The problem of defining and measuring output in banking and other financial services are not unique to that industry, but also apply to consulting, advertising and much of the new media. But this issue is particularly serious when it comes to measuring output in the public sector when the services are not sold. The main assumption used by national statisticians had been that ‘inputs=output” so the output of the public sector was simply public expenditure implying that productivity growth is always zero. The United Nations standard of national accounting practice SNA 1993 proposed that countries adopted more direct measures of public sector output which could affect rates of measured GDP growth depending on the productivity of the state in carrying out its functions.

    Progress in this area has been slow despite a European initiative to push through changes in the measurement of public sector output. Early attempts to produce measures of government output in the 1990s in Britain were critically analysed by the Atkinson Review (2005) which made a series of recommendations which lead to the ONS setting the United Kingdom Centre for the Measurement of Government Activity (UKCeMGA) in July 2005 with the remit to implement the Atkinson recommendations and to improve measures of output in the National Accounts based on quality adjustments of the actual impact of public expenditure working with government departments and the devolved administrations. By 2009, the work of the ONS on implementing the Atkinson recommendations had added an estimated 5.1% to the cumulative growth in government output.

    The new methodology finally permits a movement away from the assumption that productivity growth in the public sector is always zero because it allows the measurement of inputs and public sector outputs by deflated volume. Unfortunately, the first long-term results of the work by the ONS unit on productivity in the public sector over the period 1997 to 2010 published in April 2013 was damning and showed that productivity had effectively been stagnant. The initial estimates measured outputs and inputs in eight areas of government activity: Healthcare, Education, Adult social care, Children’s social care, Public order and safety, Police, Defence and Other (general government services, economic affairs, environmental protection and housing and recreation). Social Security Administration was initially excluded from the results until an addendum was published in February 2014.

    Total public service output including quality adjusted variables (such as patients seen etc.) and inputs indices were calculated by the ONS by aggregating output and inputs for all the nine areas of government activity. Total public service productivity is then calculated by dividing this index of output by the index of inputs. The results are shown in Chart 5 which shows that the growth in output was broadly matched by growth in inputs for most of the period 1997-2010. This is extremely disappointing given the vast investment in capital, labour and other inputs over this period.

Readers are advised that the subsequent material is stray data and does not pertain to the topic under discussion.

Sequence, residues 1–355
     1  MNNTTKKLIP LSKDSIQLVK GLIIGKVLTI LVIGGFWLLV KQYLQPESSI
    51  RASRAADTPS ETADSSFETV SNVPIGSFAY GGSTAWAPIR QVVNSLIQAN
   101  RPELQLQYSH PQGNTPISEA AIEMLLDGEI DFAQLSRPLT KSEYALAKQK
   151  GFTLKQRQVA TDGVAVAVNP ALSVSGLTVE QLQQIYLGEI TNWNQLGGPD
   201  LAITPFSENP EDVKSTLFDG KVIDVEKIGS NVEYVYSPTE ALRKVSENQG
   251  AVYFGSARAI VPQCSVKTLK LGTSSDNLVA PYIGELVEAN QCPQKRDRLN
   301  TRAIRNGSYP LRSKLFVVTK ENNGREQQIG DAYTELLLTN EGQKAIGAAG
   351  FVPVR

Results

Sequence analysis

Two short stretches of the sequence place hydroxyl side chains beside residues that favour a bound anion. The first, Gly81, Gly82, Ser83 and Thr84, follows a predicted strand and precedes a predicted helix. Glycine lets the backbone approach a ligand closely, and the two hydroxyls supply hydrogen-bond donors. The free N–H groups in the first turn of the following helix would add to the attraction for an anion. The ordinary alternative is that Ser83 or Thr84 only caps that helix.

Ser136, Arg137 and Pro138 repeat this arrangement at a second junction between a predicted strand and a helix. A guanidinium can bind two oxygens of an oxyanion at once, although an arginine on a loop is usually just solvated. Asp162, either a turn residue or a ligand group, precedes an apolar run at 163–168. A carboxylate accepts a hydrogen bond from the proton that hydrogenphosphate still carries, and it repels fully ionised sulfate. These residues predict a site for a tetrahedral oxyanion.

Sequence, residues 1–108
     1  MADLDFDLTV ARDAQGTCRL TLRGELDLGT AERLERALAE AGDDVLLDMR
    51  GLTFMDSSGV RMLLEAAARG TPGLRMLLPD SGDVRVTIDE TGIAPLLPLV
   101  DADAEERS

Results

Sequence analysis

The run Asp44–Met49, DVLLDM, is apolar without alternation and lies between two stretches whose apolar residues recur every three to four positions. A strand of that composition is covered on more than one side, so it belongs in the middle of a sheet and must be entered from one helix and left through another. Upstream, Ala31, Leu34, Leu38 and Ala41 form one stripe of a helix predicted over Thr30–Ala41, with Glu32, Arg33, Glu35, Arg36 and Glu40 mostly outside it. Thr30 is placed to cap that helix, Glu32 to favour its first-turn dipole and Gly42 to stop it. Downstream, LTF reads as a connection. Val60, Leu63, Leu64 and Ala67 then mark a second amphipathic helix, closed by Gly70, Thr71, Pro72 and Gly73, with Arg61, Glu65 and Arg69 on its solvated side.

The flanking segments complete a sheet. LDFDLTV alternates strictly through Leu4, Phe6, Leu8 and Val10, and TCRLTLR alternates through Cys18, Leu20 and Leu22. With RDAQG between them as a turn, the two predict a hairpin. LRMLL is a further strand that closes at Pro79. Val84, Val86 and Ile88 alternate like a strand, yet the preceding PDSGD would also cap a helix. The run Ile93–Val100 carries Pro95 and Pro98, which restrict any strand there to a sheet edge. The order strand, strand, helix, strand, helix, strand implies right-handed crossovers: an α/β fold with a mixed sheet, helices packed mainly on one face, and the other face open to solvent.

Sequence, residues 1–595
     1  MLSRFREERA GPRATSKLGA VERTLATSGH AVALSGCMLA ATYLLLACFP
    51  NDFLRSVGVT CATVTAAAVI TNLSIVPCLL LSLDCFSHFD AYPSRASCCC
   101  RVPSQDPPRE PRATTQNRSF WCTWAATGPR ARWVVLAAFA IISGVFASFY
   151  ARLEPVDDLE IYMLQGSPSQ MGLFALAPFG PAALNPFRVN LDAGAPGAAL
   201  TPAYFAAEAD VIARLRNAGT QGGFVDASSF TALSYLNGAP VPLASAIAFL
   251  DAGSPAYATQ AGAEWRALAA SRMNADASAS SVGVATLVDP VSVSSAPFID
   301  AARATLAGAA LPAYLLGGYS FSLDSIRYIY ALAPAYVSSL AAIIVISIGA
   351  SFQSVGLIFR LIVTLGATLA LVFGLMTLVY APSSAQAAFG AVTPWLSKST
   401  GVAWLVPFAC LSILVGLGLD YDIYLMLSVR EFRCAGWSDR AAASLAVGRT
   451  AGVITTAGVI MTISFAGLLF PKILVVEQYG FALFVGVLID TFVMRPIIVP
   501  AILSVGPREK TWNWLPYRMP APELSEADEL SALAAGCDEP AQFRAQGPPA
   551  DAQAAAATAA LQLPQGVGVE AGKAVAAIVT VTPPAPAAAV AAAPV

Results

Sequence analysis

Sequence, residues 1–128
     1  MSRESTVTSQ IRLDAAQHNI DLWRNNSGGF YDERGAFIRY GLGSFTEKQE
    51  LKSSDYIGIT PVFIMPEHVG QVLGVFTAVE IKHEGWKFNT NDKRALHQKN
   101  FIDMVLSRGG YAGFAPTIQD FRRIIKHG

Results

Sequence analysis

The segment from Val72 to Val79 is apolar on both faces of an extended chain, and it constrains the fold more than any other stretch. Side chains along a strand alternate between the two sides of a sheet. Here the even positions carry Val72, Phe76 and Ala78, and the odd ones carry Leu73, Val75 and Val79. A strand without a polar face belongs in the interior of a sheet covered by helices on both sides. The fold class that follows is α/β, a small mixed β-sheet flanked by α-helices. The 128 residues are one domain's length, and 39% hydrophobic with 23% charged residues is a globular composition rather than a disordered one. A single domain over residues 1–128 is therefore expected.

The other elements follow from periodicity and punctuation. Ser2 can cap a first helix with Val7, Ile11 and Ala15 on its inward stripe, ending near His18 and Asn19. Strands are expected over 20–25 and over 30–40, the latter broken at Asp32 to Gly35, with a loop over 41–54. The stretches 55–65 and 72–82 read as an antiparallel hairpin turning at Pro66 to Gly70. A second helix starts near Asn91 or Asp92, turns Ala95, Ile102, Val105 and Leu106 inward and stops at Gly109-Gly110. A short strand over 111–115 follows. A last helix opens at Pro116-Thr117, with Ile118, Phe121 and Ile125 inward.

Chart 5 Public Service Output, Inputs and Productivity 1997-2010

    Source: ONS

    In effect, the result almost replicates what would have been measured using s the traditional ‘output=inputs’ national accounting convention.  The new calculations are far from perfect. The old methodology was still used for police, defence, ‘other’ services and part of healthcare and children’s social care representing almost 36% of output, but the ONS data indicates that for the remainder of public services, calculated, not assumed productivity was zero. Despite the conceptual measurement issues still to be resolved, which will improve over time, the implication is already clear. Diverting resources from the provision of private services supplied in competitive markets from those provided by a state monopoly or a state guaranteed monopoly, will reduce productivity growth in the entire economy. This will have a negative impact on economic growth. An economic spring has germinated in the services sector. The state should move aside and give the roots of recovery time and fiscal space to grow.

    References.

    Atkinson, A. B., (2005) The Atkinson review: final report. Measurement of government output and productivity for the national accounts. Palgrave Macmillan, Basingstoke, England. ISBN 9781403996466.

    Burgess, S. (2011) Measuring financial sector output and its contribution to GDP, Bank of England, Quarterly Bulletin, Q3. pp234-245.


    [1] Burgess (2011) p.236.